Turkish consistently wins Best European carrier from the most important rankings, Skytrax, and by any standards is one of the handful of best airlines in the world. In addition to Europe’s Best, they also win a Skytrax global award for World’s Best Business Class Catering, thanks in part to the unique “flying Chefs” program with the chef on flights of 8-plus hours. Their hub is the brand-new state of the art Istanbul airport, which has won Airport of the Year since it opened and the new Turkish Airlines lounge there is easily one of the world’s best. In addition to all the top tier features, private rest suites, showers and such, it has a wonderful “street food” style selection of stalls featuring fresh cooking, as well as an unrivalled selection of entertainment options, from slot car racing for kids to golf simulators to a virtual reality flying experience where you soar over Istanbul like a bird.

Internationally the business class product is first rate, with modern, comfortable, ergonomically designed units with lay flat beds, complete with duvets and mattress pads, made up by the friendly staff. Turkish has a great menu selection and among the best food in the air. Domestically, they serve shockingly elaborate three-course meals with printed menus on flights that are just an hour long – it’s overkill but in a way that it puts your concepts of domestic First class in the U.S. on any carrier to shame. Economy class is also superior to the competition, and both options almost always cost less than lesser airlines charge. I regularly fly to Europe and have recently flown Lufthansa, United, Swiss and other carriers and would put Turkish appreciably ahead of all of them – at typically lower prices. Turkish has been my choice even when I am not going to Turkey, for flights that make sense to change via Istanbul, destinations such as Bali, Greece, Nairobi and so on. In terms of awards only the very top tier of Middle Eastern and Pacific Rim carriers like Qatar and Cathay Pacific are in the same league.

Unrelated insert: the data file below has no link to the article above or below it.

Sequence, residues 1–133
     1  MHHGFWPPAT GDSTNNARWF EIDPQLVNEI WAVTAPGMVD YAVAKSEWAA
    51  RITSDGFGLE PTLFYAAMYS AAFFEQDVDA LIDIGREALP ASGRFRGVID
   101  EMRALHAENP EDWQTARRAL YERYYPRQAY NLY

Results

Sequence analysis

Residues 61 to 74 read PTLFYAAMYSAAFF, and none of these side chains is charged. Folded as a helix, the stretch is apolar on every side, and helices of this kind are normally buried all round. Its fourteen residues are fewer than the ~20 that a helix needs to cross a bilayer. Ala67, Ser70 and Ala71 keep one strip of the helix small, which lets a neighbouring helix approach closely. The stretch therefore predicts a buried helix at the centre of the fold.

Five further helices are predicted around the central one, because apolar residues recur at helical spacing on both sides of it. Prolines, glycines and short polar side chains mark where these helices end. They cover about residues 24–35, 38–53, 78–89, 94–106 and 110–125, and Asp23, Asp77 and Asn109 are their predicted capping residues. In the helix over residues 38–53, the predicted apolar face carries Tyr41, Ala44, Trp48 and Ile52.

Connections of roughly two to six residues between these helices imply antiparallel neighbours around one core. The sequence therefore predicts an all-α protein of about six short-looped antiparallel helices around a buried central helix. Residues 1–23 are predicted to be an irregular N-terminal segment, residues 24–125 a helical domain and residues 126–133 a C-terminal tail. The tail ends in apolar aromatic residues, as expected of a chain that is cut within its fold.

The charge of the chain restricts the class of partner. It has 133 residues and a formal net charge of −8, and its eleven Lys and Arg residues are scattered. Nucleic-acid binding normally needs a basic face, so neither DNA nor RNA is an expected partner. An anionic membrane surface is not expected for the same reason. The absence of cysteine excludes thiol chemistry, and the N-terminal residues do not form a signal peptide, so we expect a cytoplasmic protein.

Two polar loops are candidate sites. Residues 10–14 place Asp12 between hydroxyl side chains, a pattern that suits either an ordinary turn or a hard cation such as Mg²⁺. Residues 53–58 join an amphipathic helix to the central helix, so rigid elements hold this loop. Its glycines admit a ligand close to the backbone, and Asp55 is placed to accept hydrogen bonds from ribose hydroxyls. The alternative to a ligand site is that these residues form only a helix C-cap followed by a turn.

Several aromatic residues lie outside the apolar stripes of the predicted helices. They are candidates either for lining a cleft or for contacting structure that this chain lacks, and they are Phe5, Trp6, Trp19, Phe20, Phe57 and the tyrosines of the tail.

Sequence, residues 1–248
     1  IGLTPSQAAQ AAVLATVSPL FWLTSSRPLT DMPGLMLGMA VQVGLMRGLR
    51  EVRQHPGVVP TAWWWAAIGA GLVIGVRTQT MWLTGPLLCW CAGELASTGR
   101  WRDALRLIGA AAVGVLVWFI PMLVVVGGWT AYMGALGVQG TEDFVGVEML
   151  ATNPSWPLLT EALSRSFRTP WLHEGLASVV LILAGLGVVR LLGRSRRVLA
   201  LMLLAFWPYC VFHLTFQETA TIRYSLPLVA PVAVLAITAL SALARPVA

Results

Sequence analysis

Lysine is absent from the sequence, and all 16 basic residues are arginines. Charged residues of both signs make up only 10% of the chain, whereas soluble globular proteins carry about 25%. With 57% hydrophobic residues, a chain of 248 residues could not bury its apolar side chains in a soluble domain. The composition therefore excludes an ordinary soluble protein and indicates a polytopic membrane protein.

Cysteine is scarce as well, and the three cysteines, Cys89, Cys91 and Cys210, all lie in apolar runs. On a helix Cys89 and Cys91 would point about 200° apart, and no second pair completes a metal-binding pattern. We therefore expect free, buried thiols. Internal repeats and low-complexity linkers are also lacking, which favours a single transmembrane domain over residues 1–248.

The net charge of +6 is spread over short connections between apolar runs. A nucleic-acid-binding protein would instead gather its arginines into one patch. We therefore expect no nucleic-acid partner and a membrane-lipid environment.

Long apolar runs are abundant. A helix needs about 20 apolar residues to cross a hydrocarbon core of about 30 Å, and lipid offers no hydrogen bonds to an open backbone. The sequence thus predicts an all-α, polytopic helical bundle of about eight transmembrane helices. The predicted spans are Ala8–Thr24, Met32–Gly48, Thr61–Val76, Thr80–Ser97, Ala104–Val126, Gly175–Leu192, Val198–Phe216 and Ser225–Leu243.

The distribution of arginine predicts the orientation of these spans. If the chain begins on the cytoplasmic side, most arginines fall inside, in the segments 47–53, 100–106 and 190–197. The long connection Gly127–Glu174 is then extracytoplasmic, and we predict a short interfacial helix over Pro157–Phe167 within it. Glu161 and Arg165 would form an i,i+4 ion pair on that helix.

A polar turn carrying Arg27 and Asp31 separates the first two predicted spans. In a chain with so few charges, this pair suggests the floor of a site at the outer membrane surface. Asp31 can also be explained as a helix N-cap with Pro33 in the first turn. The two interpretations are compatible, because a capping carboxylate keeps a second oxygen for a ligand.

But Turkish Airlines (part of the best and biggest consortium, Star Alliance) is also affordable, for both coach and business class, and if all that is not enough, they have one of the best “stopover” deals in the industry. If you have lengthy connection time (20 hours or more) Turkish Airlines will provide a free one-night stay in a 4-star hotel for economy class and a two-night stay in a 5-star hotel for business class passengers, allowing extra time to explore the many sites. If you don’t have a long connection and just want to add an Istanbul mini-vacation to your other travels, Turkish offers passengers the option of staying at partner hotels from just $49.

If you have a connecting international flight with a layover between 6 and 24 hours, they offer the complimentary Touristanbul service so you can visit İstanbul’s most notable historical sites and enjoy authentic Turkish cuisine. It’s free, and after landing at İstanbul Airport, you’ll be picked up by a vehicle and then driven back to the airport at the end of the tour. It’s a great way to start or end a trip when you are headed someplace else and don’t think you have time to visit Türkiye. But if you are craving an international vacation with all the culture, food, l local color and other elements of visiting another country without breaking the bank, you don’t have to go beyond Türkiye.